Doctrinal Conversation: Justice Kagan's Supreme Court Opinions

Indiana Law Journal Supplement, v. 89, 2013

Widener Law School Legal Studies Research Paper No. 13-39

12 Pages Posted: 15 Nov 2013 Last revised: 7 Dec 2013

Laura Ray

Widener University - Delaware Law School

Date Written: November 12, 2013

Abstract

In her first two terms on the Supreme Court, Justice Elena Kagan has crafted a distinctive judicial voice that speaks to her readers in a remarkably conversational tone. She employs a variety of rhetorical devices: invocations to “remember” or “pretend”; informal and even colloquial diction; a diverse assortment of similes and metaphors; and parenthetical interjections that guide the reader’s response. These strategies engage the reader in much the same way that Kagan as law professor may well have worked to engage her students, and in the context of judicial opinions they serve several purposes. They make Kagan’s opinions accessible to lay readers as well as legal professionals, a goal she has specified. More generally, her conversational style works to persuade her readers that her arguments are grounded in both legal doctrine and the familiar texture of human experience.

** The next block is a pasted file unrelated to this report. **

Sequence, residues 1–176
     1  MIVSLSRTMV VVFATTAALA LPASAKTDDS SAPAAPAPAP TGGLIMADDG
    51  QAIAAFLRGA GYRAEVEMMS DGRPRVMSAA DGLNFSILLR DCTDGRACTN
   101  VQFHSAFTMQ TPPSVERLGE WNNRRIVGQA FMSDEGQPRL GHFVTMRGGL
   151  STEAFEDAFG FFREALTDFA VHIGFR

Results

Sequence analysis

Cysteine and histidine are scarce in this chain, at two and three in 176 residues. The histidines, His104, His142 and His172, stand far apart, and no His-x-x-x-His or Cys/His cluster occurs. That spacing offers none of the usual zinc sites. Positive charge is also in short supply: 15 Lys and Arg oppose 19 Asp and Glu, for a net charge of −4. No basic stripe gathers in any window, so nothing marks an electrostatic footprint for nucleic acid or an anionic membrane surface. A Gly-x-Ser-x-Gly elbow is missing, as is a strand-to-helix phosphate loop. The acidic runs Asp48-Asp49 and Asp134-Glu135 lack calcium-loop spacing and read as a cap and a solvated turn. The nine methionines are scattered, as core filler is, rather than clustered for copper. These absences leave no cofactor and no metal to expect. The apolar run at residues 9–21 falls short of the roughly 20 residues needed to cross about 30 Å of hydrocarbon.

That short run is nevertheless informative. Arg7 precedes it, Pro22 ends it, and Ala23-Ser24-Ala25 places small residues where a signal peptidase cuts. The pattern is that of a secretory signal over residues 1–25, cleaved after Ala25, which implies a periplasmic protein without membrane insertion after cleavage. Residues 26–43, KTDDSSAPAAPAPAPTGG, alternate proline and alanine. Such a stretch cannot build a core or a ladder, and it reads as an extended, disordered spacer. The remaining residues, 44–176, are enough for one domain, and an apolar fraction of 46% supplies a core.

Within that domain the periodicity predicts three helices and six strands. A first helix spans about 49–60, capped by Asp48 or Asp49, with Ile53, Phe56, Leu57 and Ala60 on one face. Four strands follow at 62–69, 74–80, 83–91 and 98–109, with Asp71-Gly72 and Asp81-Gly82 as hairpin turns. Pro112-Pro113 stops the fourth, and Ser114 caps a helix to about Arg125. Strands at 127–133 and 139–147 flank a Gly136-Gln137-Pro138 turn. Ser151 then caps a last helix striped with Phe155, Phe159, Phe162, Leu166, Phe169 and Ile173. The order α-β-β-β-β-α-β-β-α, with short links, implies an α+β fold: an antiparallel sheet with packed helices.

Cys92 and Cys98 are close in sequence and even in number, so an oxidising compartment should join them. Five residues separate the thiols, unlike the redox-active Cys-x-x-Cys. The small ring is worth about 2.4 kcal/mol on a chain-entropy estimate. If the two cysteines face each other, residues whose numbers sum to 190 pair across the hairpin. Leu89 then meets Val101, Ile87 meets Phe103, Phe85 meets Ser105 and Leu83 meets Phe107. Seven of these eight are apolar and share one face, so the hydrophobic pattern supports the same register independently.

Keywords: Elena Kagan, Supreme Court, justices, judges, legal writing, judicial opinions, rhetoric

JEL Classification: K10

Suggested Citation

Ray, Laura, Doctrinal Conversation: Justice Kagan's Supreme Court Opinions (November 12, 2013). Indiana Law Journal Supplement, v. 89, 2013; Widener Law School Legal Studies Research Paper No. 13-39. Available at SSRN: https://ssrn.com/abstract=2353551

Laura Ray (Contact Author)

Widener University - Delaware Law School ( email )

4601 Concord Pike
Wilmington, DE 19803-0406
United States

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